As government troops tighten the noose on Syria’s Idlib province, hundreds of thousands of Syrian civilians have been driven from their homes. For the displaced masses, tough choices lie ahead. The northbound road towards Turkey may be their only hope of escape – but targeted daily by Syria’s air force, it’s a gauntlet few will want to run.

A New Refugee Crisis Could Break The Whole System

Beyond that, the picture brightens little. Across the frontier into Turkey – whose president, Recep Tayyip Erdogan, has closed the border fearing the weight of arrivals – and then, somehow, on to Europe and the hope of a better life. But there awaits only dangerous, disease-ridden refugee camps. These makeshift settlements, situated mostly on tiny spits of land off the Greek coast, are already at breaking point. Should 2020 mark another year of mass migration, there are fears that the system could collapse altogether.

Erdogan has made little secret of the crisis awaiting Europe as Syria’s eight-year civil war draws to a bloody close. Sharing a border with the conflict ridden country, Turkey has absorbed most of those fleeing the violence. Almost four million – the planet’s largest refugee contingent – now reside within Turkish borders. His nation can accommodate no more, Erdogan said pointedly last month.

Erdogan: Turkey Will Not Bear The ‘Migrant Burden’ Alone

If conditions in Idlib continue to deteriorate, Turkey will not shoulder the new “migrant burden” alone, the firebrand leader made clear. “All European countries”, willingly or not, will have to share the weight, Erdogan warned. 

And a great weight it may be. In the final days of December, some 235,000 locals were forced to abandon their homes as Bashar al-Assad’s Russian-backed forces approached. Idlib – currently held by a mix of rebels and jihadistsis the only remaining region to oppose Assad’s totalitarian rule. Estimates put the province’s population at around 3 million, although in the south, where state troops first advanced, settlements are now “almost empty,” according to UN observers.

2015 Refugee Crisis All Over Again?

The numbers portend a refugee catastrophe on the scale of 2015’s. That year, more than a million people entered Europe, leaving behind war and poverty in the Middle East and Africa. In 2016, the EU brokered a deal with Erdogan to address the issue, specifically allotting €6 billion in return for Turkish efforts to stem the flow of migrants moving westward through Turkey. 

But the accord is faltering. Leaked EU documents suggest some 70,000 individuals crossed the Aegean Sea from Turkey in 2019, entering Europe through the smattering of Greek islands along the coast. Reports even point to Turkish complicity in the movement, with government patrol boats allegedly letting asylum seeker vessels pass without challenge.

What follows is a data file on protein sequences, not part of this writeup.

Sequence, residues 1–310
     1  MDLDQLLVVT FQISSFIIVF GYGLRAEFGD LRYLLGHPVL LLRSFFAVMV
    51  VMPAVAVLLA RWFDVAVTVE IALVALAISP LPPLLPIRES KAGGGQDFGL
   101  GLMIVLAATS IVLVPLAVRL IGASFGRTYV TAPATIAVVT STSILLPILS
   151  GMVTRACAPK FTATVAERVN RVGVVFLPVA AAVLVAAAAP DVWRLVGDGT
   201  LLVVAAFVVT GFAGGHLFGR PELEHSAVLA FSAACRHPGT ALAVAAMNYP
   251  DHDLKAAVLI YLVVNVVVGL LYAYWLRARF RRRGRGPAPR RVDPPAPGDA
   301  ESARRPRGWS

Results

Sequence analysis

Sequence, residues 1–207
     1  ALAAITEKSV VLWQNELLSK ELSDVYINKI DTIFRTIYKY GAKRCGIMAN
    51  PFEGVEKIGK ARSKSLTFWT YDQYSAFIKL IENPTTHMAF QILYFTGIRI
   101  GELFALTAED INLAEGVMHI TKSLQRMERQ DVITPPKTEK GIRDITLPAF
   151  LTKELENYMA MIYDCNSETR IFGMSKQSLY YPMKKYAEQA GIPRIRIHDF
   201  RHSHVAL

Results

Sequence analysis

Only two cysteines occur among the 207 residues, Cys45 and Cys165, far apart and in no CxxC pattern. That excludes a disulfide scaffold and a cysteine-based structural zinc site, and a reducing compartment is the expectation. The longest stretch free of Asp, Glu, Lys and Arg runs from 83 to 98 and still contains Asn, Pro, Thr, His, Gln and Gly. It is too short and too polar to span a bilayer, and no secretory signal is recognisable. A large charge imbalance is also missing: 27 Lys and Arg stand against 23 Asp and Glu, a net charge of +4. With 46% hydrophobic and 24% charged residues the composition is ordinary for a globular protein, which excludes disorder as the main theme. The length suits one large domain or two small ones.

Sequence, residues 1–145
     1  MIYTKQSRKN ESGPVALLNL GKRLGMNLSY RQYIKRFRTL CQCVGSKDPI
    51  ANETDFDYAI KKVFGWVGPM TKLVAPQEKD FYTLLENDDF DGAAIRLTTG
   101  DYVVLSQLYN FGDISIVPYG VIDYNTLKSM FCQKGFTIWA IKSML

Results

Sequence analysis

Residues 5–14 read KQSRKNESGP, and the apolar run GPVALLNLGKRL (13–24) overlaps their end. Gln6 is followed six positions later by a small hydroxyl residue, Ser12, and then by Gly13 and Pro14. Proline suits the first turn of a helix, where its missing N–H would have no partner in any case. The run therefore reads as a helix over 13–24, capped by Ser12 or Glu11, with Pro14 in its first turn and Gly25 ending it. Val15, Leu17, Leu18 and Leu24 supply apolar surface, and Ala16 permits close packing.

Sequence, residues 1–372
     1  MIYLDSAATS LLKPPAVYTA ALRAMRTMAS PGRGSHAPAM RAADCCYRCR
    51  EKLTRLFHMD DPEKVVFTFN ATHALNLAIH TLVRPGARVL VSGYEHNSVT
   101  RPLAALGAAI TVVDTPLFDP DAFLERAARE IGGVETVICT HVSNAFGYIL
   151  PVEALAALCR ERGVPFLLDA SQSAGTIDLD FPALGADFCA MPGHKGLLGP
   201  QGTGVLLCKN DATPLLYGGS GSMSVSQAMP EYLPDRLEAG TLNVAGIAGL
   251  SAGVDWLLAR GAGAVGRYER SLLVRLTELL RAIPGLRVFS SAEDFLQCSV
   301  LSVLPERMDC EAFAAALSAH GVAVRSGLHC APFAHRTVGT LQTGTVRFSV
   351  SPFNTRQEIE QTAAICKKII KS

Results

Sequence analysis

The islands they land on are desperately overcrowded. At least 40,000 refugees currently occupy the ramshackle camps, some of which are ten-times over their official capacity. Conditions are deplorable. Medical treatment is often hard to come by, food and water scarce, and sanitation poor. 

Individuals can remain in the camps for years, trapped in an asylum seeking limbo. Those lucky enough to have their applications approved will likely be transported to mainland Greece. Some stay, but many set their hopes on settling in central and western Europe, soliciting people smugglers to move them through the Balkans into Austria and Germany.   

Europe’s Point-Of-View Vs. Turkey’s Point-Of-View

For European leaders battling a rising tide of populist nationalism, these arrivals pose deep political problems. Germany’s Angela Merkel – whose decision to welcome migrants in 2015 elicited a vicious voter backlash – will hope to head off the issue this month, reports suggest, when she meets Erdogan in Turkey. His nation must honour the EU’s deal, she’ll likely demand, but he will be in no hurry to agree.

Having endured a bruising year of electoral defeat, Ankara’s main man faces his own hefty share of political problems. Public sentiment appears to be shifting against the nation’s huge migrant contingent, forcing Erdogan to adopt an ever harder line. Turkey’s Syrian refugees will be repatriated to their country’s northeast, his government has intimated, occupying a band of land recently conquered by Turkish forces. 

Whether this “safe zone” really is fit for mass resettlement, few can say for sure. And what of the new migrant tide scrambling from blood-soaked Idlib? Where they will end up -Turkey, the Greek islands, mainland Europe – remains unclear. 

As a fresh refugee crisis takes shape, uncertainty abounds. One thing is clear, however: 2020 threatens to be a year of untold migrant misery.   

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